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Law and MedicineCurrent Legal Issues Volume 3$
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Michael Freeman and Andrew Lewis

Print publication date: 2000

Print ISBN-13: 9780198299189

Published to Oxford Scholarship Online: March 2012

DOI: 10.1093/acprof:oso/9780198299189.001.0001

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The Comatose Pregnant Woman: Abortion and the Substituted-Judgement Approach

The Comatose Pregnant Woman: Abortion and the Substituted-Judgement Approach

(p.526) (p.527) The Comatose Pregnant Woman: Abortion and the Substituted-Judgement Approach
Law and Medicine

Erwin Bernat

Oxford University Press

On 11 November 1997 the Austrian Supreme Court (OGH) had — for the first time — to answer the question whether abortion may be carried out lawfully if the pregnant woman is permanently incompetent to make her own decision. The case involved Christina, a woman in her twenties who was involved in a car accident. She suffered severe brain injuries and fell into a deep coma. After Christina received medical treatment in order to save her life, the physicians established that she was pregnant. Her medical prognosis was poor. What could be said with certainty was that she would always be too retarded mentally to take care of a child. On 21 October 1997 the guardianship court appointed Christina’s mother as her legal guardian. She, as her daughter’s proxy, then applied for judicial approval of the decision to let her daughter have an abortion. The OGH generally approved of the proxy decision to let Christina have an abortion. This chapter examines the legal framework of this case.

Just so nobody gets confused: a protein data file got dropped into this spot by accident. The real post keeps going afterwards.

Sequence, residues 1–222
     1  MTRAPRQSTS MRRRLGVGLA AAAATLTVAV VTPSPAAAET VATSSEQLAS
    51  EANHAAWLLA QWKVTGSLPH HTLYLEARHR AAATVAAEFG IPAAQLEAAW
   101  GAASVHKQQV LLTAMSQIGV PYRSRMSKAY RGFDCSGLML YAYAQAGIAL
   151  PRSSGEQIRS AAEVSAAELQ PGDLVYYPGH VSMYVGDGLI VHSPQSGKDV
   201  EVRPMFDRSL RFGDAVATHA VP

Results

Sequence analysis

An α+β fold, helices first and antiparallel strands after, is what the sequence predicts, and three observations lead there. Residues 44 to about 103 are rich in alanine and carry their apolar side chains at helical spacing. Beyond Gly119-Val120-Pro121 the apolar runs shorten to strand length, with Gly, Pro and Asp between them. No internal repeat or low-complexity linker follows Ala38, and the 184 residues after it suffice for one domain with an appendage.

Keywords:   Austria, abortion law, pregnant women, legal framework

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